Lastly, friend management is one of the most important things to remember. Coming from the Ontario system which eliminated our OAC-Grade 13, enough freshmen have taken a ‘victory lap’, and I was one of those, entering university literally one day after my 19th birthday. Something about being 19 turns on a trigger that alcohol isn’t the be-all-end-all of university, and you can simply choose to drink when the time is appropriate. It was astounding that after just 5 minutes of interaction with someone, I could usually pick out the out-of-control underager, even if it was noon on a Wednesday and they hadn’t drank since they snuck into a bar 5 days ago. Partying is an important social element of university, but choose friends that know the proper time and place for partying. Go out on a weekend, but don’t surround yourself with people who hit bars 6 nights a week. You don’t want to get suckered into a friend-style that will leave your academics suffering and lead you on academic probation after your first semester. Find the responsible ones who will host a bedroom study-party with Mario-Kart breaks for fun, instead of alcohol and music, at least a few times each month.

    One tip to give. Always, always visit a professor during their office hours in the first 3 weeks of a semester. Even if you’re doing great and don’t have any questions per-se, just have a casual chat about their research, or bounce some ideas about an upcoming paper (if it’s a paper due 3 months later, they’ll be very impressed that you’ve read the syllabus and appear to be planning ahead). You do not want to become a random face in the crowd, and befriending the professor will have profound impacts later in your career on your references, possible research-study or volunteer opportunities, and make your next visit less intimidating. Don’t let your first visit be the one begging for a higher mark after a November midterm, if they’ve never seen your face before, guaranteed the professor will be much less generous.

  3. Can I be a real den mother and offer the advice to eat well, drink a lot of water and get some sleep?

    As an adult student I am still shocked, three years in, at how many kids get theit first taste of freedom and promptly come down with what I refer to as “Freshmen Kennel Cough” by late October.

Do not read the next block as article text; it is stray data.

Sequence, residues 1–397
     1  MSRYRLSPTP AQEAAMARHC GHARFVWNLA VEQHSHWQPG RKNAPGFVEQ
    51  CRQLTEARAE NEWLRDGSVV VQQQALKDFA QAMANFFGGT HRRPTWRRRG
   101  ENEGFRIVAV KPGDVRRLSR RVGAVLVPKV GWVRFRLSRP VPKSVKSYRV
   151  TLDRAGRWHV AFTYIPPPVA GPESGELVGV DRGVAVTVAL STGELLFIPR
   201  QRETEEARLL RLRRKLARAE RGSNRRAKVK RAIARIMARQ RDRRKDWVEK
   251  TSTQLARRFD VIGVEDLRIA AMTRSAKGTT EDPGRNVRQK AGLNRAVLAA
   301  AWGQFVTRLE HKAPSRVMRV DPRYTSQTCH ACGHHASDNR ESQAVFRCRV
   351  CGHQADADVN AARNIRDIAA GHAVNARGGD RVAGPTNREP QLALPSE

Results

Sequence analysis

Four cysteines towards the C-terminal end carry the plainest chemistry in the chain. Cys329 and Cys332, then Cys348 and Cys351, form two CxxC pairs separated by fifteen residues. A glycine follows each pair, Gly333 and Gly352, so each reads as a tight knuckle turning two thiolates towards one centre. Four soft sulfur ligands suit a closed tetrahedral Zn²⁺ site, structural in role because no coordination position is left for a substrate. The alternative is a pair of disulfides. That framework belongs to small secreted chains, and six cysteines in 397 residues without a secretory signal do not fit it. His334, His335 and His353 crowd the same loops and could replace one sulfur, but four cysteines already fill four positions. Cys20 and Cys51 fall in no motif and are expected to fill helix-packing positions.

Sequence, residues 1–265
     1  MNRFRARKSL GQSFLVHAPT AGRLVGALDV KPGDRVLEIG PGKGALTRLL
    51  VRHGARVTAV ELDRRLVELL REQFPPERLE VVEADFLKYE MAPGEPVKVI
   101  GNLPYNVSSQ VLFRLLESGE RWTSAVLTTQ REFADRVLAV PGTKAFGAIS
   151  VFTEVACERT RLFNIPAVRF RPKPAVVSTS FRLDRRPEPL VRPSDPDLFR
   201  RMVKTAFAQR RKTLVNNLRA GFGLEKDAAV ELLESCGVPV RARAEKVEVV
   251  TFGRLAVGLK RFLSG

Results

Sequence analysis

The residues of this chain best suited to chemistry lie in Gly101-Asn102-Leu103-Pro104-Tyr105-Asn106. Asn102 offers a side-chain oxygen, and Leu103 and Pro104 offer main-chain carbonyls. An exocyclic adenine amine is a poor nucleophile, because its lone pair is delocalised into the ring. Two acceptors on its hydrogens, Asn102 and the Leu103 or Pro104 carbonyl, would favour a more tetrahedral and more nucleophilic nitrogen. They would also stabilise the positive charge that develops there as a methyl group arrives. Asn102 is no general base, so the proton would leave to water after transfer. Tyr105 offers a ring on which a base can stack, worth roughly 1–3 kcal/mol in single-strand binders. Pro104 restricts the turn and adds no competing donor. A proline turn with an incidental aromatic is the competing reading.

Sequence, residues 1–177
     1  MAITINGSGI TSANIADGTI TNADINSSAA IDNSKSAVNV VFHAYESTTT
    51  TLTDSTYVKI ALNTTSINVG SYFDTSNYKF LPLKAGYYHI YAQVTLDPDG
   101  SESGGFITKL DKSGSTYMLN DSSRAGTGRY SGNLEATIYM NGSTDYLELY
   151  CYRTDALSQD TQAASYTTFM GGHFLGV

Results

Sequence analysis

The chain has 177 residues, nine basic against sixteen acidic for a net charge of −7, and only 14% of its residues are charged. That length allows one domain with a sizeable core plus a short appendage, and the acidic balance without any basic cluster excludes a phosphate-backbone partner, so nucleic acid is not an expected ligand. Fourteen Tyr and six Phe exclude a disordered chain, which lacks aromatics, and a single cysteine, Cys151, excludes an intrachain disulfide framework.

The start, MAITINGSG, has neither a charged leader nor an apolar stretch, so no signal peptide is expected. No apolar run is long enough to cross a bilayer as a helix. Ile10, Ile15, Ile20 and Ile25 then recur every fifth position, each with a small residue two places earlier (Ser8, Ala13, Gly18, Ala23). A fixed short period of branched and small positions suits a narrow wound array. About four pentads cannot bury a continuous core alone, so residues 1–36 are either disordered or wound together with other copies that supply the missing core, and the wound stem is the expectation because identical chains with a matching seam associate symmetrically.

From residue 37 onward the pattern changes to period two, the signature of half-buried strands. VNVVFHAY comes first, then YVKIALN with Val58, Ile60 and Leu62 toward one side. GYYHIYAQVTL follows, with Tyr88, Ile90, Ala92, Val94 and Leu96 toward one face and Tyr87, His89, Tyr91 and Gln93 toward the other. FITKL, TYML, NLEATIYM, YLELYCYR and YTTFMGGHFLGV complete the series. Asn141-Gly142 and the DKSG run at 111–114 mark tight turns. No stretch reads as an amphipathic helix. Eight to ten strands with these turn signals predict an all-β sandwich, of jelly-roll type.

You can’t eat takeout pizza washed down with a 6 pack after pulling three all-nighters in closely cramped dormitories and not to expect to pick up some nasty virus. And this is usually just in time to be absent for the class when the Professor discusses your midterm question.

  4. I am going into my final year of my HBA in Gerontology & Psychology. When I started at university I had not been in secondary school for over 7 years. I was definitely nervous with not knowing what to expect. I can say that you learn very quickly what works and what doesn’t. Buenaventura’s advice is perfect in saying that the professor is not going to come to you and that you make our own experience.
    My advice is learn how to organize your time and prioritize. The workload is heavier than secondary school. Don’t fall into procrastination, or expect greatness if you are not going to put in full effort. Read every part of the syllabus, if there is something you don’t understand, ask about it. Never assume.
    Also, if you do feel you are struggling and are overwhelmed, talk to someone: your professor, a counsellor, the learning assistance centre, a tutor. It’s much better to address issues right away than to fall victim to student burnout. Take part in physical activities too, and be sure to get enough sleep and eat well.
    On another note, learn as much as you can.. make your education bubble bigger and take a class that interests you, or one that “you would never take”. The results are surprising and you will experience personal growth as well “something ventured, something gained”.
    Best wishes to those who are going in September!